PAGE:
To help address that problem, Univision began accepting the occasional English-language advertisements last year. It also may help that Univision, which is controlled by a group of private-equity firms, has hired several former NBC executives in top positions—including Mr. Falco, who spent three decades at NBC, and Keith Turner, Univision’s ad-sales chief.
“We’ve got a great pool of money from all the Hispanic advertisers,” said Mr. Turner. “In order to grow, we’ve got to get more English-language money.”
Univision also faces the challenge that the median Hispanic household income is 76% that of the overall U.S. average, according to 2010 census data.
Steve Mandala, Univision Communications’ executive vice president of advertising and sales, says Univision’s viewers are less wealthy, on average, than their English-language counterparts primarily because they are so much younger. Univision’s median prime-time viewer is 39, compared with the high-40s to mid-50s for the top four English-language networks, according to Nielsen data provided by Univision.
Univision also points to Nielsen data that show its viewers watch live television at much higher rates than those watching English-language networks, which means most Univision viewers are seeing commercials.
Univision faces intensifying competition in its core market. At Comcast’s Telemundo, the No. 2 Spanish-language broadcaster, the audience in the 18-to-49 age group has risen 7% so far this season, although Telemundo’s total viewership remains less than half of Univision’s. Telemundo isn’t going after English-language ad dollars.
“We have a bit of a different approach,” said Mike Rosen, executive vice president of ad sales and integrated marketing at Telemundo, adding that he will be telling advertisers that “there are better ways to maximize investment within their current Hispanic investment.” Mr. Rosen said Telemundo would be emphasizing its original content and the opportunities for engagement through vehicles like social media.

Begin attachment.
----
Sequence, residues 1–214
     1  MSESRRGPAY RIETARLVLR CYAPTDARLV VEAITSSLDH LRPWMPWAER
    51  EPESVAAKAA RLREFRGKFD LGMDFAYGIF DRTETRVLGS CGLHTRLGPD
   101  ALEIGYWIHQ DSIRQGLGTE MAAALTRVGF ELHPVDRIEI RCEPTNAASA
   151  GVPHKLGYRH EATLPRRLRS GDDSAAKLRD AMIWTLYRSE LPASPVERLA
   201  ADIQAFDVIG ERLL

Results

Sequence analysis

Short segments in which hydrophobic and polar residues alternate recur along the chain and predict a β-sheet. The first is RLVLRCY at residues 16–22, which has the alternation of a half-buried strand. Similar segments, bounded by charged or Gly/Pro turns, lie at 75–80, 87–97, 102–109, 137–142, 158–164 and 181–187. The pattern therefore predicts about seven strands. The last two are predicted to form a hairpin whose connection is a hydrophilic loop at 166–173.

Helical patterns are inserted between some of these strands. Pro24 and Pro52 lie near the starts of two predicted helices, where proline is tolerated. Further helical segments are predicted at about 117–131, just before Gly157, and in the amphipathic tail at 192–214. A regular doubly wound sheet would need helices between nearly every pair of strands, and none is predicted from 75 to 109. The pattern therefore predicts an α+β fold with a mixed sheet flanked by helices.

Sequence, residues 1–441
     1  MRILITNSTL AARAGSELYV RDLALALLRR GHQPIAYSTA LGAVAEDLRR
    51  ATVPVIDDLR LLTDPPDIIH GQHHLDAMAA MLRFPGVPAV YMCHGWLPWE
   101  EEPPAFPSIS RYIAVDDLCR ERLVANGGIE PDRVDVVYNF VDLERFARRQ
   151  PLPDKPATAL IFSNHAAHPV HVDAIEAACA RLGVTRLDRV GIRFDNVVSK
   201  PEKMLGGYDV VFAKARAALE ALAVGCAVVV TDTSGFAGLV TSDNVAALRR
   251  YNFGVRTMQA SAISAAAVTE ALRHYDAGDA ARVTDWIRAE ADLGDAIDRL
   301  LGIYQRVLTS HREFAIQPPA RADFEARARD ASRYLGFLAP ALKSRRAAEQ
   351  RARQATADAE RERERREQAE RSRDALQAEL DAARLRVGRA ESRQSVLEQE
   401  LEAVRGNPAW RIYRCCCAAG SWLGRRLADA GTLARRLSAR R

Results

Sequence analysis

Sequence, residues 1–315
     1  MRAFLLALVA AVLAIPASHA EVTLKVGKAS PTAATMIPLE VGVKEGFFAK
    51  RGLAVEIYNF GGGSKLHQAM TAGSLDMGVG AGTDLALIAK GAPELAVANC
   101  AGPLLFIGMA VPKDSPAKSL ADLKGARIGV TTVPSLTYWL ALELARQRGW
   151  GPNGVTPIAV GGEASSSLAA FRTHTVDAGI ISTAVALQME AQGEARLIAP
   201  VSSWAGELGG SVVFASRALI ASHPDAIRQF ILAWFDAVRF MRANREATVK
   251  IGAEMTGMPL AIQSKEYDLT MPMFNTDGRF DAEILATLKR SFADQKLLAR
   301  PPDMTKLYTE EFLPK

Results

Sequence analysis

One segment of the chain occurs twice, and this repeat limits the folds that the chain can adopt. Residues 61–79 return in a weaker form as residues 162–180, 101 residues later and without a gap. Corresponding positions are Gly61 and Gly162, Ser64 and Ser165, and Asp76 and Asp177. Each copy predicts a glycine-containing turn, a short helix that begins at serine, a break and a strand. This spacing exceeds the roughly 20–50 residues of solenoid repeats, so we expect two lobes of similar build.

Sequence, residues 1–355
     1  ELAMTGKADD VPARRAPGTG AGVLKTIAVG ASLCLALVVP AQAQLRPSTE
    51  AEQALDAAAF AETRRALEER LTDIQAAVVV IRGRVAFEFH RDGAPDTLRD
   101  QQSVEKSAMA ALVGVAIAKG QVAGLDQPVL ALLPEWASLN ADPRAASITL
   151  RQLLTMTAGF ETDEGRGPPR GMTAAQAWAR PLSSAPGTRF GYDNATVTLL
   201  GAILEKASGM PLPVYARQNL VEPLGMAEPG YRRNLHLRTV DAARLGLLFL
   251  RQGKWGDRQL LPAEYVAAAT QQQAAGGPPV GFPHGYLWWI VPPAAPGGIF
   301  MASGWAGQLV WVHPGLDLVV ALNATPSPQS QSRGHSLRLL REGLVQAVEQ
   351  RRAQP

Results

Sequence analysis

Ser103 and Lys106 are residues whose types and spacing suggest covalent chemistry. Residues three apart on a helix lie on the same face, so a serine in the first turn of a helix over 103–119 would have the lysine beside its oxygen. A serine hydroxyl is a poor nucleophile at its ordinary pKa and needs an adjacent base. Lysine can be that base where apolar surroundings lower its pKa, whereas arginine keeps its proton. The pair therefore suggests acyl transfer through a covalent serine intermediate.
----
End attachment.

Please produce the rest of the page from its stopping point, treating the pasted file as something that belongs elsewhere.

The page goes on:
Meanwhile, newcomers like MundoFox, which was launched by News Corp. last year, is also going after the Hispanic ad money that has long sustained Univision. News Corp. also owns The Wall Street Journal.
Mr. Falco is keenly aware that the Univision audience “will fragment,” just like the English-language network audiences before it, and has tried to meet that challenge by putting the Univision brand “in as many places as we can possibly put it.”
Since Mr. Falco was named CEO in 2011, Univision has launched three new cable networks and a digital video network. Its joint-venture English- language cable news network with ABC is due to launch later this year.
The expansion has already borne some fruit. Univision reported a $9 million profit in the first quarter, compared with a loss of $14 million the previous year.
Corrections & Amplifications
Univision draws 58% of the Spanish-language prime-time audience in the 18-49 demographic. An earlier version of this article incorrectly said Univision draws 70% of that audience, which is the market share it has along with it sister broadcast network, UniMas.
Categories: NGL News